By  contrast, I think the US economy currently fits a conventional Keynesian picture: the last recession, followed by the Eurocrisis, some silly fiscal squabbles and a prolonged hangover from the housing boom, are severe blows to animal spirits, which are gradually strengthening as memories fade. Ditto the UK. To this extent Paul Krugman is spot on.

As for Europe, classical growth theory gives the main insight – it’s growth plight is primarily demographic – you need to think about Solow.

Perhaps the biggest gap in our cannon is how to explain global real interest rate trends. This may require a synthesis of classical growth theory, Minsky, and some eclectic old-Keynes. Shifts in savings preferences caused by demography, rising per capita income and perhaps the distribution of income are plausible classical explanations. But there is a behavioural, path-dependent overlay which is likely relevant. When real interest rates peaked in the 1980s there was a very high embedded inflation risk premium. In this sense, policy rates (and bond yields) were not ‘risk free’ rates. Furthermore, the dependency of repeated subsequent policy stimulus on interest rates encouraged household leverage. To some extent, further stimulus required ever-lower rates, as households operate with simple interest-affordability rules of thumb. Running current account surpluses as a means of financial insurance in Asia against the volatility of global capital flows also exacerbates these trends.

Perhaps the greatest irony in macroeconomics is that the world’s main macro problem – insufficient demand – is an area where all frameworks are in agreement as to what should be done. Helicopter drops of cash to households raises spending in Keynesian, monetarist-classical, and Minskyian models. But no one wants to do it … Ultimately, evolutionary models are most relevant: why else would it be better to fail conventionally?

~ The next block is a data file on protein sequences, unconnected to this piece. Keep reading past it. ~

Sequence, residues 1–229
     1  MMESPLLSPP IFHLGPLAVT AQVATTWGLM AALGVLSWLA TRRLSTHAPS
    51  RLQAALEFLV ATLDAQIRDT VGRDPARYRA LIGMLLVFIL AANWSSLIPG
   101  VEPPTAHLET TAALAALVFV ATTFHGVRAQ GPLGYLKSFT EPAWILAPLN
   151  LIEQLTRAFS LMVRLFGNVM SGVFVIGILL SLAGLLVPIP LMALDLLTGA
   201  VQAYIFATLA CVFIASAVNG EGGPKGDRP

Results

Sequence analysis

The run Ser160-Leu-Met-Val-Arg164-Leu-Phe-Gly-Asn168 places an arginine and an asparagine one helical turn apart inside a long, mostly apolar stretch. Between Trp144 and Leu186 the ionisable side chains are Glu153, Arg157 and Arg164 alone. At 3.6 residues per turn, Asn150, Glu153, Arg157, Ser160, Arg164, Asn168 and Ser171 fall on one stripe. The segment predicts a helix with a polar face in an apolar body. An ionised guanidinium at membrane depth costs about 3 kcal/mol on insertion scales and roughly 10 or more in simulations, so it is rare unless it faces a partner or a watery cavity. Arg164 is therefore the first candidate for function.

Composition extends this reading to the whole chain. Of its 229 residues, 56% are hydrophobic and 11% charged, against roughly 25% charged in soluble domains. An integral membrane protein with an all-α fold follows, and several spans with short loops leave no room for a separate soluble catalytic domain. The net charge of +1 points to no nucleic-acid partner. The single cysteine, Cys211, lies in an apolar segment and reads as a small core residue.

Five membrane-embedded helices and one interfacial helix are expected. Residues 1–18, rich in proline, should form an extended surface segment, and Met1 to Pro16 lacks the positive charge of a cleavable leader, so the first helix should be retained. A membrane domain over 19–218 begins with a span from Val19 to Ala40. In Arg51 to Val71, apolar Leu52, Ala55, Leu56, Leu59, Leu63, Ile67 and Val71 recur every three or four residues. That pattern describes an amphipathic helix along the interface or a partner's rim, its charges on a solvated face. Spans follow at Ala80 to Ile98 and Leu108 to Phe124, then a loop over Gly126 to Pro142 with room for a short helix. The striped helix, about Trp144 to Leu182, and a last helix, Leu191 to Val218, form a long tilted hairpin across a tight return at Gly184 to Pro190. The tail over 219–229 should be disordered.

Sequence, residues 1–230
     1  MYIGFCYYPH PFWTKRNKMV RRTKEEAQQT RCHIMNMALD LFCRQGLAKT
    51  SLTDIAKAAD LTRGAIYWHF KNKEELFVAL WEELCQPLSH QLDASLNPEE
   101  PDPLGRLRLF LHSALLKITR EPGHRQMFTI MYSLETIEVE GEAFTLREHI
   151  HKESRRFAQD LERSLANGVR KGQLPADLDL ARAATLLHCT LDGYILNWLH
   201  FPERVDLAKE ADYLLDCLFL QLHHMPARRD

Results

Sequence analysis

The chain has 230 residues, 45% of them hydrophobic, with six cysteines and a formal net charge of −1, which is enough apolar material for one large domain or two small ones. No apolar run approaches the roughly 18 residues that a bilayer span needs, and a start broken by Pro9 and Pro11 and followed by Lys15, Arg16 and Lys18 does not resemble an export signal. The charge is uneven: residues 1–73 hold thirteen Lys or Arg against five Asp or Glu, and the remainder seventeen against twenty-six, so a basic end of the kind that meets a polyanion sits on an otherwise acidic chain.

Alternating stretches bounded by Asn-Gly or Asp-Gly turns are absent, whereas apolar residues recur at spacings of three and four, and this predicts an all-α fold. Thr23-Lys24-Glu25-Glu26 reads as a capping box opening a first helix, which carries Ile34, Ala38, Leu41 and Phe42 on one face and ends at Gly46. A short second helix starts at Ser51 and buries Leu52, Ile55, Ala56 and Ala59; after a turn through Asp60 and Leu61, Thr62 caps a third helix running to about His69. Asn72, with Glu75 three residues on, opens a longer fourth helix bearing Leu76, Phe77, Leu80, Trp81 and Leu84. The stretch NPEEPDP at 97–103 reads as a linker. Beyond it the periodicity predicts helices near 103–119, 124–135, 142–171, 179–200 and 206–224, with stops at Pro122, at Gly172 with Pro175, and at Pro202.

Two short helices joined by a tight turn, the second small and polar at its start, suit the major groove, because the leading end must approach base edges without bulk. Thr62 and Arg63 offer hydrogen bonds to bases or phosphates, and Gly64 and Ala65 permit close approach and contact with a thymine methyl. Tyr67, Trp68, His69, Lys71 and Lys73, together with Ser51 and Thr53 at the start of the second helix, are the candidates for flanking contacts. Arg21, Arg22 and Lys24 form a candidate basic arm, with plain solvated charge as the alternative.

[1] I happened to mention MMT to Ben Bernanke at a dinner in late 2014. After explaining to him the basic tenets, he replied: ‘Isn’t that just economics?’

[2] Since writing this blog, Jan Zemanek aka @wonkmonk has drawn my attention to Stiglitz’s integration of Minsky in recent work. Roger Farmer also stands out for rigorous and plausible integration of asset prices and a “Keynesian” perspective which does not rely on sticky prices.

[3] Chris Dillow exemplifies how pertinent Marxian analysis remains.

About The Author

Eric Lonergan is a macro fund manager, economist, and writer. His most recent book is Money (2nd ed) published by Routledge. He is also a supporter of Big Issue Invest (BII), the investment arm of The Big Issue, and is one of the initial limited partners in BII’s Social Enterprise Investment Fund LP. In a personal capacity, he makes direct investments in social enterprises. He also supports and advises The Empathy Museum.

5 Responses

  1. chesterdh@hgotmail.com'
    David Harold Chester

    With so many models floating around, it surely is necessary to determine a criterion for choosing which is best suited to understanding the problems in macroeconomics. In my view, and this should be a theorem, that unless the model represents the whole of our social system it is inapplicable. This is because the results of partial models are so different and one cannot trust them and their (often unstated) assumptions.

    I would go further and claim that a good model (like Prof. Einstein’s criterion for a good scientific theory) should be made as simple as possible without being over-simplified. On this matter I have done some research and the model that I have produced is able to meet these requirements and it enables us to better understand of what our social consists and about how it works. Not many summary models of this kind exist, but they have use because one can then expand them in the places of interest and avoid that irksome requirement of “all other things not being allowed to change”.

    The relatively simple model that I use may be found in my paper SSRN 2600103 “A Mechanical Model for Teaching Macroeconomics”, which also refers to my book on this general subject.